Thursday, January 1, 2015

BTT (#44) ~ books read last year

Most fun (#93) because of the Charlie Brown tree and Linus's blanket

Deb at Booking Through Thursday asks:
"What was your favorite book (or books) for 2014?  What reading really caught your attention?  Sparked your interest?  Changed your world?  Made you laugh?"
All year long, I "rate" the books I read on a scale of one to ten, all of which is totally subjective.  Since I list those I finish, I could simply have you look at the books I completed in 2014.  However, I also choose my favorite book each month.  Here are my twelve monthly favorites.
January favorite (#4)
by Katy Butler, 2013, memoir, 9/10

February favorite (#10)
The Housemaid's Daughter 
by Barbara Mutch, 2012, fiction (South Africa), 10/10

March favorite (#14)
The Invention of Wings 
by Sue Monk Kidd, 2014, fiction (South Carolina), 10/10

April favorite (#24)
The Conflict Between Word and Image 
by Leonard Shlain, 1998, language and culture, 10/10

May favorite (#30)
Paul and Jesus: How the Apostle Transformed Christianity
by James D. Tabor, 2012, history of religion, 9/10
June favorite (#39)
The Pink Party
by Maryann Macdonald, illustrated by Abby Carter, 1994, children's, 10/10
July favorite (#44)
Jonathan Livingston Seagull: A Story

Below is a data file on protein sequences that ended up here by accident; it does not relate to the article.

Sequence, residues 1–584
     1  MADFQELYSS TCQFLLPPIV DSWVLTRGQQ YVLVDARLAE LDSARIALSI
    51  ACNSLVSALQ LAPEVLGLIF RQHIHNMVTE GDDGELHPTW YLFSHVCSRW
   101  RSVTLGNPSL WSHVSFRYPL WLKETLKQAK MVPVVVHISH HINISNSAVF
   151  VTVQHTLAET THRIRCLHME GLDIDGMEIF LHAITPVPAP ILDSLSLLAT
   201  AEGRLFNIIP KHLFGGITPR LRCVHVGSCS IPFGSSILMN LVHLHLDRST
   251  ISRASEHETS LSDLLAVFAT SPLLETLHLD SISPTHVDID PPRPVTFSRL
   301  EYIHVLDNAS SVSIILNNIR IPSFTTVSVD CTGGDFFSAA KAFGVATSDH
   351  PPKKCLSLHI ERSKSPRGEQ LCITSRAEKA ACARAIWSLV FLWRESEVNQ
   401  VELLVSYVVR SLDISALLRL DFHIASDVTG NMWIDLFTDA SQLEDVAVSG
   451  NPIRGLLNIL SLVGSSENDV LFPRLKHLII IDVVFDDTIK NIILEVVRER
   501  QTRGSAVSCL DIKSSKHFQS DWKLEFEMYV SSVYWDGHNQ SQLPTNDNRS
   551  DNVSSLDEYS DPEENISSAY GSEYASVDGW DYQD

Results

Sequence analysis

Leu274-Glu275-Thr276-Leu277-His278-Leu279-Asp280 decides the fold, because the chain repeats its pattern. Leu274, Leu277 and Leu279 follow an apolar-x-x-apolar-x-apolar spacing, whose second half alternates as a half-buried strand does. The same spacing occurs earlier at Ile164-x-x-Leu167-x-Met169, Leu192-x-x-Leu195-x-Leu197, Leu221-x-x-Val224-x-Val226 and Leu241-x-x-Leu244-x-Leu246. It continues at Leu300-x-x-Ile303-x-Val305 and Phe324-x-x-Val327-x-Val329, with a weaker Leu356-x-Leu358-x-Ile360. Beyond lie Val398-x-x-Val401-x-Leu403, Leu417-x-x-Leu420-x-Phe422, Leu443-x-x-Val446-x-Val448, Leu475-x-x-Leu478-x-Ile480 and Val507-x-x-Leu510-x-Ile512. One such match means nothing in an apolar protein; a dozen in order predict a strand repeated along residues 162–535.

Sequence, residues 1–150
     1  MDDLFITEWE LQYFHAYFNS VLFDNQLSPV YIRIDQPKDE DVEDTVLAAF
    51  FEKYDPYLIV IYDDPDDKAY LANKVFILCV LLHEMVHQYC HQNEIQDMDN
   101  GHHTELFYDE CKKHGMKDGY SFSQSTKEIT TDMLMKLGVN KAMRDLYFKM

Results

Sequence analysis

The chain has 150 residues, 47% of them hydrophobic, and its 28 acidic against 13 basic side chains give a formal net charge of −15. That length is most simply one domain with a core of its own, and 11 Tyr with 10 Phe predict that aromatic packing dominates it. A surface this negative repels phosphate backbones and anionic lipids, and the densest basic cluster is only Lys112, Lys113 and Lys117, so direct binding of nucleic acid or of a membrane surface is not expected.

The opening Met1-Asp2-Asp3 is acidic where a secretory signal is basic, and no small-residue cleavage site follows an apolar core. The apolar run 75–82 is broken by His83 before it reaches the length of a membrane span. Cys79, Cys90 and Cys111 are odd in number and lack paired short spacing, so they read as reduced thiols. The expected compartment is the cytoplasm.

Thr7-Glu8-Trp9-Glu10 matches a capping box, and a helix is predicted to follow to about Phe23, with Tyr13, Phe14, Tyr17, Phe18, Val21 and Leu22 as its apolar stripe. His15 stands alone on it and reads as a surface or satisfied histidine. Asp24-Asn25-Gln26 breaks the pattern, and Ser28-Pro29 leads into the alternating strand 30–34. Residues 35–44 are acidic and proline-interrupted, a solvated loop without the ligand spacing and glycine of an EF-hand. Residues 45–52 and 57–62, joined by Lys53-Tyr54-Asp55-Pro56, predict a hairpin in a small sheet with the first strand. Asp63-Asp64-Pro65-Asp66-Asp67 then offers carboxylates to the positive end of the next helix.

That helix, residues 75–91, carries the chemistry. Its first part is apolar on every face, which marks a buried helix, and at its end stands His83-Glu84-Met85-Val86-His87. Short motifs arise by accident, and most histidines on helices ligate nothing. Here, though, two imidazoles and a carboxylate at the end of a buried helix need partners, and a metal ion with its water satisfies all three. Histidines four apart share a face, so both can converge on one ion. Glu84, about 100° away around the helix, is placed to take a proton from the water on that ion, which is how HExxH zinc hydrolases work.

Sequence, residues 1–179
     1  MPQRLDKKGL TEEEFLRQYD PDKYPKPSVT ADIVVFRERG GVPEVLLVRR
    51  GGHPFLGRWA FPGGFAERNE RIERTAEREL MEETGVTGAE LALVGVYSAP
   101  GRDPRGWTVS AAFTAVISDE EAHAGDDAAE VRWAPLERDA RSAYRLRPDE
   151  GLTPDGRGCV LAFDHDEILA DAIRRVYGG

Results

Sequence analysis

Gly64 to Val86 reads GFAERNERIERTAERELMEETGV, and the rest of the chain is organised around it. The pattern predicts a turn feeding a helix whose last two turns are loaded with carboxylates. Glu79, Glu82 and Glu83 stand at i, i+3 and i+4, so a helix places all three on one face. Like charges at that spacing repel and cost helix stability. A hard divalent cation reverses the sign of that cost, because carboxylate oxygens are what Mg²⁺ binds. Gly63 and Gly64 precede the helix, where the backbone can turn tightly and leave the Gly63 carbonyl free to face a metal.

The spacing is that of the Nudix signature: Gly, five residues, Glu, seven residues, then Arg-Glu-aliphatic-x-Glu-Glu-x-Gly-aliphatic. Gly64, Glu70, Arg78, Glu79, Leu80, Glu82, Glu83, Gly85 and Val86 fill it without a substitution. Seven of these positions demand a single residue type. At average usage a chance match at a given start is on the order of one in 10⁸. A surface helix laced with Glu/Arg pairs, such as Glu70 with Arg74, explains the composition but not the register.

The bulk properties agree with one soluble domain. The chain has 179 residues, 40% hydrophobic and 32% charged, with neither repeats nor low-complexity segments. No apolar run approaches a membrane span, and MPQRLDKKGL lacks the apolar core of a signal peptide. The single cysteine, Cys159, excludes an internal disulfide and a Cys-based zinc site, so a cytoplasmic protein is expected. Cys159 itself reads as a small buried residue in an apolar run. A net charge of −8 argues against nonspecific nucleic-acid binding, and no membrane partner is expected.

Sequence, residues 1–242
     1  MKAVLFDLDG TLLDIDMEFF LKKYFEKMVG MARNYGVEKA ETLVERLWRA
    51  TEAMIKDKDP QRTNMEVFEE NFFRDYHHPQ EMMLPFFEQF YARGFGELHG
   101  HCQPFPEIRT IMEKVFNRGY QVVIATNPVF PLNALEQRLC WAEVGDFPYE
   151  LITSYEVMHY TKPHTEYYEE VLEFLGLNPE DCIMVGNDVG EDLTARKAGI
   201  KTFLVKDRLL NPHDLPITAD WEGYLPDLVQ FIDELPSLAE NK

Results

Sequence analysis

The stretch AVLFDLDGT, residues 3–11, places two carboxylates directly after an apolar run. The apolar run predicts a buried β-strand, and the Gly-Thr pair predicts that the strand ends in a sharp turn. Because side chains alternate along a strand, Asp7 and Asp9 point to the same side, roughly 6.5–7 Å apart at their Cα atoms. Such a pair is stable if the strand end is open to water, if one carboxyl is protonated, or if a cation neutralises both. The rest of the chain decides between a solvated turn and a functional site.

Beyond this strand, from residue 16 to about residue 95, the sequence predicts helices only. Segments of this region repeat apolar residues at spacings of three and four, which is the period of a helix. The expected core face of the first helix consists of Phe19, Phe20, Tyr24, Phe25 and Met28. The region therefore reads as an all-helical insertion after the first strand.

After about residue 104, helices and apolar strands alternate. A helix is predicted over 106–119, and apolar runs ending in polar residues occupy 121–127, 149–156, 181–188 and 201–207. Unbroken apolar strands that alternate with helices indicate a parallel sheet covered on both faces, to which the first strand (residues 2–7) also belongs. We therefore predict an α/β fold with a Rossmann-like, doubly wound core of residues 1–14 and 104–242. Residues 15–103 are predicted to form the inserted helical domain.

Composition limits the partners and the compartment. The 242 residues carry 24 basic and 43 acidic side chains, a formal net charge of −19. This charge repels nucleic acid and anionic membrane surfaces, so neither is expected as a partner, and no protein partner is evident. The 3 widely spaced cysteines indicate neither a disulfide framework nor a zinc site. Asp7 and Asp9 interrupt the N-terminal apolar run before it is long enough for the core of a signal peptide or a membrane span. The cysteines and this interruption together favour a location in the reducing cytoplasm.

by Richard Bach, photos by Russell Munson, 1970, fiction, 10/10
August favorite (#49)
Goodnight June
by Sarah Jio, 2014, fiction (Seattle, Washington), 10/10

September favorite (#60)
The Story Hour 
by Thrity Umrigar, 2014, fiction (USA and India), 10/10

October favorite (#77)
Hotel on the Corner of Bitter and Sweet 
by Jamie Ford, 2009, fiction (Seattle, Washington), 9/10
November favorite (#78)
My Beloved World 
by Sonia Sotomayor, 2013, memoir, 9/10
December favorite (#88)
A Friendship for Today
by Patricia C. McKissack, 2007, YA fiction (Missouri), 10/10

The Alphabet Versus the Goddess by Leonard Shlain argues that literacy reinforced the brain's linear, abstract, predominantly masculine left hemisphere at the expense of the holistic, iconic feminine right one.  This shift upset the balance between men and women and initiated the disappearance of goddesses, the abhorrence of images, and — in literacy's early stages — the decline of women's political status.  Patriarchy and misogyny followed.

(#95)  Suspicion Nation: The Inside Story of the Trayvon Martin Injustice and Why We Continue to Repeat It ~ by Lisa Bloom, 2014, history, 9/10
This one really made me think.  Lisa Bloom, an American civil rights attorney, shows step by step what happened during George Zimmerman's trial for killing Trayvon and uses Zimmerman's own testimony to show without a doubt that he lied.  Fascinating book about the state of our country today.

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